This slideshow requires JavaScript.

Photography and Story by Faith Franzonia

Summer after fifth grade smelled of grass stains and sounded of shrieking giggles, felt like post-hill-rolling dizziness and tasted like Hawaiian Punch Capri Sun pouches with the straw punched through the back. My friends and I would be off to camp to learn how to make lanyards, practice archery, and find sunken pool-bottom Silly Bandz.


The most coveted portion of childhood I wish was retained was this constant ability to try new things; discouragement was not accepted. Lanyard-making was mastered to the degree that three months would allow…and then forgotten. Chinese staircases and box-stitches of all different color combinations proudly lived on the backpacks and keychains of friends for years. Did I miss that moment from youth to adolescence that we had to settle? The science kids spent hours in robotics club, public speakers debated on a team, and soccer stars practiced for hours after final bell. They all found and mastered their niche. I didn’t really have a set identity, in the sense that a lot of American kids have identities: as a track star, an artist, or a musician.


I comfort myself with the concept of multiplicity of humanity–our ability to contradict ourselves and not fit perfectly together–for people are not poetry. Allow the “theatre kids” to love math and the “nerds” to be amazing chefs. Allow me to listen to CupcakKe’s “Deepthroat” then Beethoven’s “Symphony No. 7 in A Major.” Moreover, allow yourself to explore interests and gain knowledge in areas that oddly intrigue you; you might surprise yourself! Whether that is trying to get through a country album (not recommended) or taking up painting (recommended)–just keep trying.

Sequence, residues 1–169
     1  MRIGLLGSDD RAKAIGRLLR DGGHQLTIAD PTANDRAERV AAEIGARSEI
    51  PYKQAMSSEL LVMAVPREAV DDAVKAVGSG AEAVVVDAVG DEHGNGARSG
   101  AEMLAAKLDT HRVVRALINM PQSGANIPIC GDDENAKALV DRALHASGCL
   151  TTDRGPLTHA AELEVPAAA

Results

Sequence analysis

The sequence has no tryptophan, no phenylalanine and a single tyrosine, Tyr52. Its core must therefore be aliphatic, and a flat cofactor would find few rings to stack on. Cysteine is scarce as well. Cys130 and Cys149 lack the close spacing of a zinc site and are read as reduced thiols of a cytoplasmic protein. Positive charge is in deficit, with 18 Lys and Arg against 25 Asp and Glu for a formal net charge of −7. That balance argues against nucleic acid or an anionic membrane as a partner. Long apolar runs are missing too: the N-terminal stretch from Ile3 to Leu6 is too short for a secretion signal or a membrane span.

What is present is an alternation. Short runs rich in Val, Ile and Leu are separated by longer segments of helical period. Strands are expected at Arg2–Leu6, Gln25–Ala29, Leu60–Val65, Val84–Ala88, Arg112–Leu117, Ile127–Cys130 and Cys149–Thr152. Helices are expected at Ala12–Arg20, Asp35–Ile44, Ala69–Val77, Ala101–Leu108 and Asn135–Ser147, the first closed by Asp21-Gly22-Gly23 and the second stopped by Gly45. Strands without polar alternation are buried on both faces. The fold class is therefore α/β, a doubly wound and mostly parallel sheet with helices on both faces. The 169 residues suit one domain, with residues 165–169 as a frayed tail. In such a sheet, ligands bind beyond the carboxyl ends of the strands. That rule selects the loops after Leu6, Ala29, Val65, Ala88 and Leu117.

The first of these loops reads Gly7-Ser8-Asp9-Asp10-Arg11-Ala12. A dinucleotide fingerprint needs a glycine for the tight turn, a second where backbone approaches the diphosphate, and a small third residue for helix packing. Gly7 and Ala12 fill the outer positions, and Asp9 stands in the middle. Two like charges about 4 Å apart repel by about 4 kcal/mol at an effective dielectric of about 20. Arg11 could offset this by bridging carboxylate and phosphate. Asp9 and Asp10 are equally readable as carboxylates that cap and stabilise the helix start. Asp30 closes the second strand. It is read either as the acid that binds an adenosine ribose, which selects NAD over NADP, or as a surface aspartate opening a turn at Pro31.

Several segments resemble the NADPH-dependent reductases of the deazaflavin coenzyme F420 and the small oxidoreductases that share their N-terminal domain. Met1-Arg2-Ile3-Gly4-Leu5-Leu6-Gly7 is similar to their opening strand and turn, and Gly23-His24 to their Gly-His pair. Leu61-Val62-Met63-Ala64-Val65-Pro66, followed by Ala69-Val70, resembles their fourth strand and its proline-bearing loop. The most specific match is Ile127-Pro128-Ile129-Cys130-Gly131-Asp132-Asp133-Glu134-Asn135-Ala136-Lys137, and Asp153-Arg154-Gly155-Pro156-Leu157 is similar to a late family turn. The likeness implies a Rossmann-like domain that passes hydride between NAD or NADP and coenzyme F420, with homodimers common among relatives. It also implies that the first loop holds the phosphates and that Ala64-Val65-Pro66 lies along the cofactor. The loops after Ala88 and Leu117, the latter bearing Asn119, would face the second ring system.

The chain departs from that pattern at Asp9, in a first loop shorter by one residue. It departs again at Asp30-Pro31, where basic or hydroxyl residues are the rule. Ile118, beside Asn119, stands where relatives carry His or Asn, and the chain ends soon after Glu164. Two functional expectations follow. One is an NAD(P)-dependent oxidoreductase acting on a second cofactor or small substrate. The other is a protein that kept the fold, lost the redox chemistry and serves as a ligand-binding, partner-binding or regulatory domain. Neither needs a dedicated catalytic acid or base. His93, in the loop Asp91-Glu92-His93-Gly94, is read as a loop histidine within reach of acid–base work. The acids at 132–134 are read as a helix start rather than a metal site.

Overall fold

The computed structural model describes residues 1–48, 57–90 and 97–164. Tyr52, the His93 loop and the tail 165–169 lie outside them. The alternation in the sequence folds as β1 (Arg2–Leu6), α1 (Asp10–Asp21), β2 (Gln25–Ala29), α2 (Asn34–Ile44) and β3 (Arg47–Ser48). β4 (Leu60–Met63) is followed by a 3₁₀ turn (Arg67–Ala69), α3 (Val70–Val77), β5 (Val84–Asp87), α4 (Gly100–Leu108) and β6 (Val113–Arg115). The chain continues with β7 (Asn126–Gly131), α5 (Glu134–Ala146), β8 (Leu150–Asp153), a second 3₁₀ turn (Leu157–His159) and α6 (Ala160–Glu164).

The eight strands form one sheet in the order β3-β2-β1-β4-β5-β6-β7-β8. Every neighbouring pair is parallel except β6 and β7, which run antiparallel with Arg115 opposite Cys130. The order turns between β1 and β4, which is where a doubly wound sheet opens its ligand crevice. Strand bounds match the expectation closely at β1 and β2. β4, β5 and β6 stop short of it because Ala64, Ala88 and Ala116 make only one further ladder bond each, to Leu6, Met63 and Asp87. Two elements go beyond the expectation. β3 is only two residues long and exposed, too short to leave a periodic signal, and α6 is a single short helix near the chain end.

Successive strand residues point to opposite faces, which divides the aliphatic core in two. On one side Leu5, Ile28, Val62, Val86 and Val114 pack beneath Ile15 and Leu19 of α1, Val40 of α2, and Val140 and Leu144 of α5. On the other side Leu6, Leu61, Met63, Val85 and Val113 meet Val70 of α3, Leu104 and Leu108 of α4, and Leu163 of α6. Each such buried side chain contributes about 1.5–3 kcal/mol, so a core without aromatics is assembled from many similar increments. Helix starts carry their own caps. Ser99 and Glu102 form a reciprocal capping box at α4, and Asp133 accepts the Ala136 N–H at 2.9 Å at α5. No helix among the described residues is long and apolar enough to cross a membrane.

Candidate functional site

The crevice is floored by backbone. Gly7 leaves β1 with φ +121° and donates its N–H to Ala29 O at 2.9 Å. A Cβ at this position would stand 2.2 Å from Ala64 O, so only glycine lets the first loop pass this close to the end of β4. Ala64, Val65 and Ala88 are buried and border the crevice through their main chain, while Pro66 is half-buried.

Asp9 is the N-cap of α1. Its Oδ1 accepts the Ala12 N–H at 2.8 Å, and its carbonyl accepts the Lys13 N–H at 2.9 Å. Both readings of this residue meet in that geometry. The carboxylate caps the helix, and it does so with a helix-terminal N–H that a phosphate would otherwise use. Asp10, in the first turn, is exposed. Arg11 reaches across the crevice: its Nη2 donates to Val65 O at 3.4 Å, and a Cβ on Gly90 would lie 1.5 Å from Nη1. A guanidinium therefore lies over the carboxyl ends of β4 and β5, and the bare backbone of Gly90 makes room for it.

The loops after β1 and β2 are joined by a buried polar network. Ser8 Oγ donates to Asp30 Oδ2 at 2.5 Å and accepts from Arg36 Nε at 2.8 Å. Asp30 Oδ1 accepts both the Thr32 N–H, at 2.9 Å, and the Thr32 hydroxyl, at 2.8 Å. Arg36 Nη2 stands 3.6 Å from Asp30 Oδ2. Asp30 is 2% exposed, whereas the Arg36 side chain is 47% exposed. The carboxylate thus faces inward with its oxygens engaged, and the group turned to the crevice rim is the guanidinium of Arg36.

I decided to explore an interest of mine this summer: film photography. In May, I began shooting, waiting until September to see exactly what I captured. The alluring aspect about film photography is being, in part, clueless to what you’ve captured. I carried these cameras with me everywhere, from the beach, to Brooklyn parties, to basement restaurants in Chinatown. The process of capturing and waiting was so much more satisfying than a quick iPhone photo. Developing these photos was both nerve-wracking and enthralling, like waiting to eat that whole tub of ice cream once you get home from the grocery store, hoping it didn’t all turn to shit in your air-conditionless car.


Anyways, here are my moments captured. Maybe film photography will last more than the summer.